Franny and Zooey

The “Zooey” section of Franny and Zooey by J.D. Salinger begins thus:

The facts at hand presumable speak for themselves, but a trifle more vulgarly, I suspect, than facts even usually do. As a counterbalance, then, we begin with that everfresh and exciting odium: the author’s formal introduction. the one I have in mind not only is wordy and earnest beyond my wildest dreams but is, to boot, rather excruciatingly personal. If, with the right kind of luck, it comes off, it should be comparable in effect to a compulsory guided tour through the engine room,with myself, as guide, leading the way in an old one-piece Jantzen bathing suit (Salinger 47).
This narrator intrusion, my analysis of it, the purpose it seems to serve, and how thinking about it served my own writing are what I’m going to discuss here. Among all my observations about these two Glass stories looking at this one small section of “Zooey” will best serve my own writing now. In writing this, I believe I will do some much needed work around some struggles I am having with my own intrusive narrator. In fact, once I had the idea for this paper, I had to go back and make some changes to my own work that I didn’t want to lose in waiting.
This intrusive narrator, Buddy (Franny and Zooey’s older, writer brother), is playful, clever, and self-conscious. Wordy, indeed. In stating how what will follow will be wordy beyond his “wildest dreams”, he is wordy about being wordy. A guide in a one-piece bathing suit? That had me laughing out loud. He further tell us that it’s not a mystical story, but a love story, and that it’s not really a story but a “sort of prose home movie” (47) After this introduction, Buddy addresses the reader directly only one more time (in a foot note), and he appears in the story indirectly by the inclusion of a letter he wrote to Zooey and a scene in which Zooey pretends to be Buddy over the phone to Franny in an attempt to lift her out of her moment of crisis.
That is what this story seems to be about, Franny’s moment of crisis, which has much to do with the spiritual text she is carrying around with her. I must have read this narrator intrusion when I first read these stories as a teenager, but it went right over my head. I finished the book wanting to pass out copies to everyone I know as if the book itself were my own spiritual tome, like Franny’s pilgrim book. But, I’m listening to Buddy now, and as I think he meant it do be, I don’t entirely trust his point of view. I see that he is the one who chooses what, as the saying goes, lands on the cutting room floor in his prose home movie. This is made clear by Buddy’s intrusion, his mention that Franny, Zooey, and his mother, “the three featured players themselves” (47) object to including certain details. I see now how Buddy urges us to focus on the love stories “pure and complicated” that are happening between members of the Glass family.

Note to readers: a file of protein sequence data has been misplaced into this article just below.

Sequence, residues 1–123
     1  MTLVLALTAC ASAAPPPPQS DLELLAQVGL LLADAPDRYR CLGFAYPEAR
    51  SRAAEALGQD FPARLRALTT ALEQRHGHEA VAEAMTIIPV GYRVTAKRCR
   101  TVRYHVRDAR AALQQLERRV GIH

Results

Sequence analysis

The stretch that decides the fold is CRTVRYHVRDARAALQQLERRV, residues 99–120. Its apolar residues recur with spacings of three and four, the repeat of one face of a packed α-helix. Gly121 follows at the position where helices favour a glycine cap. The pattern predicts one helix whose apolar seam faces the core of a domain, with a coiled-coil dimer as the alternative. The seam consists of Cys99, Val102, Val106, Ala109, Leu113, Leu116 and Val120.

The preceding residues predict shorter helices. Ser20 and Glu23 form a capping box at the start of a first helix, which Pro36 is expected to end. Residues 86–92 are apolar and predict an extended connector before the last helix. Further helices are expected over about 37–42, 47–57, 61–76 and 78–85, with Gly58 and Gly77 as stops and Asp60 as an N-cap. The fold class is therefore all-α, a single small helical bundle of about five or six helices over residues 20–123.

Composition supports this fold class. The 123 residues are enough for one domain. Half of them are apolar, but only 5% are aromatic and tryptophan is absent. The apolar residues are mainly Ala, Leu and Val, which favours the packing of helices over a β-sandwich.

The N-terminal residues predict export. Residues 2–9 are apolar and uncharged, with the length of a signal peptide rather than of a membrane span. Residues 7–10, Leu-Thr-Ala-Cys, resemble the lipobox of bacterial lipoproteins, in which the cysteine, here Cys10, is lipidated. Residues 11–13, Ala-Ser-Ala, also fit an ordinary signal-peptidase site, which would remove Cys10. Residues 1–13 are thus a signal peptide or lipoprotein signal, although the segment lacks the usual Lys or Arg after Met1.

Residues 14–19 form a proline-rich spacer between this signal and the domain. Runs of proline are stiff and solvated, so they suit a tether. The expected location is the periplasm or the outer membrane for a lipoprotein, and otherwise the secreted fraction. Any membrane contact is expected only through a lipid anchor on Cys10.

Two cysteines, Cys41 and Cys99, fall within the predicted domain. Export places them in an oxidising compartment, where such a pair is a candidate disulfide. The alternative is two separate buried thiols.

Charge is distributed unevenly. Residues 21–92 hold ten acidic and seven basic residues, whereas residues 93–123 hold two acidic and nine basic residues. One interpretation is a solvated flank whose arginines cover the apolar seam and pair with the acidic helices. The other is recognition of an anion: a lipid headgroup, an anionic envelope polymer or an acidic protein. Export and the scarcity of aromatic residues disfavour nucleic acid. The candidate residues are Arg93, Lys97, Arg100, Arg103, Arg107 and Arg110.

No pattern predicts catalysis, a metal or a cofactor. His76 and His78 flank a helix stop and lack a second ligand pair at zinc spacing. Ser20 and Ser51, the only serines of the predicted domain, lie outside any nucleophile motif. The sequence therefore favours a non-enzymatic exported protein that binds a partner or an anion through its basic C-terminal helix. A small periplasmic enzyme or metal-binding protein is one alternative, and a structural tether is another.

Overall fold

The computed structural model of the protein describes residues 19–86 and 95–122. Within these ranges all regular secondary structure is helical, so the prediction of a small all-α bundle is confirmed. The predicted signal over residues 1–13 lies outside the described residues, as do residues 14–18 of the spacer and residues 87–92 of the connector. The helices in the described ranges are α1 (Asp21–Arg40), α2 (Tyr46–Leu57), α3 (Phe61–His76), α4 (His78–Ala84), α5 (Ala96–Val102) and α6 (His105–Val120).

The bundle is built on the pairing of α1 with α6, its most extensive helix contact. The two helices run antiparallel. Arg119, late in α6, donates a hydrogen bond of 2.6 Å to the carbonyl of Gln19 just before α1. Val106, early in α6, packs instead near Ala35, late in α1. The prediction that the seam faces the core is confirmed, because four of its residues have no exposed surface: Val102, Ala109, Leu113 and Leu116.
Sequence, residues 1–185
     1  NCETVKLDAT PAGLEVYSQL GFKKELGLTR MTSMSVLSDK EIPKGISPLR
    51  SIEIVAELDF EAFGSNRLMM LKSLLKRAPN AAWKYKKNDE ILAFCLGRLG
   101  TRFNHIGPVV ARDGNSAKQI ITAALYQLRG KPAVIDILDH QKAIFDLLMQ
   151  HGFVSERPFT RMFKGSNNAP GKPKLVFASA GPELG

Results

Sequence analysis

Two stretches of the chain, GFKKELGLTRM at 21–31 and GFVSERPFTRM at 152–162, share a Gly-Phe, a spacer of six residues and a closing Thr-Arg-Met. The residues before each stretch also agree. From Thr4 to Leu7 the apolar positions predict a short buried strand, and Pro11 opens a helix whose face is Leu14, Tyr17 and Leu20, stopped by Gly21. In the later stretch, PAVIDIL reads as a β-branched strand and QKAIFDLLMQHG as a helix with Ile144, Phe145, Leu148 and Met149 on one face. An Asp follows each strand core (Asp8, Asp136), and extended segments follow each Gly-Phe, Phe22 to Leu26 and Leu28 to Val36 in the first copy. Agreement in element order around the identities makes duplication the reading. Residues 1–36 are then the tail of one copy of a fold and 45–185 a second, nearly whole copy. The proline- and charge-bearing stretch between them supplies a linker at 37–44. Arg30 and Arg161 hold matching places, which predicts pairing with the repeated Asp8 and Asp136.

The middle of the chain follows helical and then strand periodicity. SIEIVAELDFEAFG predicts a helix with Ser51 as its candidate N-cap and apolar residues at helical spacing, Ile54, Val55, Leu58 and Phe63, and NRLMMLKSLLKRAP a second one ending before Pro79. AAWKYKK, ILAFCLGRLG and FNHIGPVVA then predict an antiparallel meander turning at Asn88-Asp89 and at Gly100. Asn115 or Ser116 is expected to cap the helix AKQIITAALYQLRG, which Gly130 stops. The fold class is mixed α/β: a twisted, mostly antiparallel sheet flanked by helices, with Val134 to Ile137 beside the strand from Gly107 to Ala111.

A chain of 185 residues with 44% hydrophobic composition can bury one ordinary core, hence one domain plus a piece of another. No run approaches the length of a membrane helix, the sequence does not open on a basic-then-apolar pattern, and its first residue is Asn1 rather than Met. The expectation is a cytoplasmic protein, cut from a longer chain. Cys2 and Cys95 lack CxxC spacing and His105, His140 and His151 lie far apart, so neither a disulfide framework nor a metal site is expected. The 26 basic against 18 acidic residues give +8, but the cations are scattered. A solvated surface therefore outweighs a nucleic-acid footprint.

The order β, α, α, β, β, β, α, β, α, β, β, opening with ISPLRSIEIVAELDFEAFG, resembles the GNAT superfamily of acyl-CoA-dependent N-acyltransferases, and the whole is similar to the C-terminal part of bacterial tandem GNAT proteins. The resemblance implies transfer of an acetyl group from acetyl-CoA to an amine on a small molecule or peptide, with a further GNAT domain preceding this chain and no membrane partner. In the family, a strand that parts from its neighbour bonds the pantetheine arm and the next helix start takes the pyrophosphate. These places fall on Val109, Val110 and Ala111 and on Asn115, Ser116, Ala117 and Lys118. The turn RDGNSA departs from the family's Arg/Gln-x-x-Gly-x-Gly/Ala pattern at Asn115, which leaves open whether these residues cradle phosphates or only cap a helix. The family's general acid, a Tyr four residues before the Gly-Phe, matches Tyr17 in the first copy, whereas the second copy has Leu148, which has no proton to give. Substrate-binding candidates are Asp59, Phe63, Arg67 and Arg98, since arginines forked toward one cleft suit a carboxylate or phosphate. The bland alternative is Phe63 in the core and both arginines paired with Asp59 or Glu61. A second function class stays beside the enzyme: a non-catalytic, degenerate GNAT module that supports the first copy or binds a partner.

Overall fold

I’m not sure I think Buddy’s intrusion is fully realized. I can’t say it doesn’t work, but it doesn’t come full circle. Why does our tour guide leave us after that? I guess, he wanted to thrust us into scenes, which he does admirably. So much of these stories hinge on dialogue and such specificity in description. Some of the scenes leave me envious (the restaurant scene with Lane in “Franny”, the bathroom scene with mom In “Zooey”), actually. I see why, though, as a teen, Buddy’s little intrusion impacted me only as clever and didn’t influence my interpretation of the story or stand out as crucial to the narrative. Yet, now I’m wondering if he intended it to be and how the story might have been different had our Buddy returned to bid his readers farewell in the end. I don’t know, but it has me thinking about my own intrusive narrator, a persona I am set on but not entirely satisfied with in her (Eve’s) current state of being.
When I first created Eve, I thought that it would be effective to sustain suspense about whether she would live or die (after being hit by a car) in the end, but later realized that putting energy in that direction really wasn’t consistent with what I wanted the story to be about. It was just gimmicky and done in large part to save a scene in the place I thought it should go. But, you see, I didn’t fully listen to this epiphany. I still for some reason felt compelled to make it foggy for the reader whether she still lived as she told the story, even had this line, about how maybe she was dead.
How can I explain how my thinking about the narrator “Zooey” helped me to come to something that was really just waiting in the back of my mind to be articulated, fully realized? I sat down to write this paper and instead opened the document that contains my book and changed the second chapter so that not only was it clear that Eve was alive, but I put her in a particular place, allowed her to articulate her purpose, and it feels good. I’m happier with the story now. I want an honest, reliable narrator for this first person story of a life, reflection on a life. It makes sense for the reader to know that she lives and even where she is now telling her story from and why.


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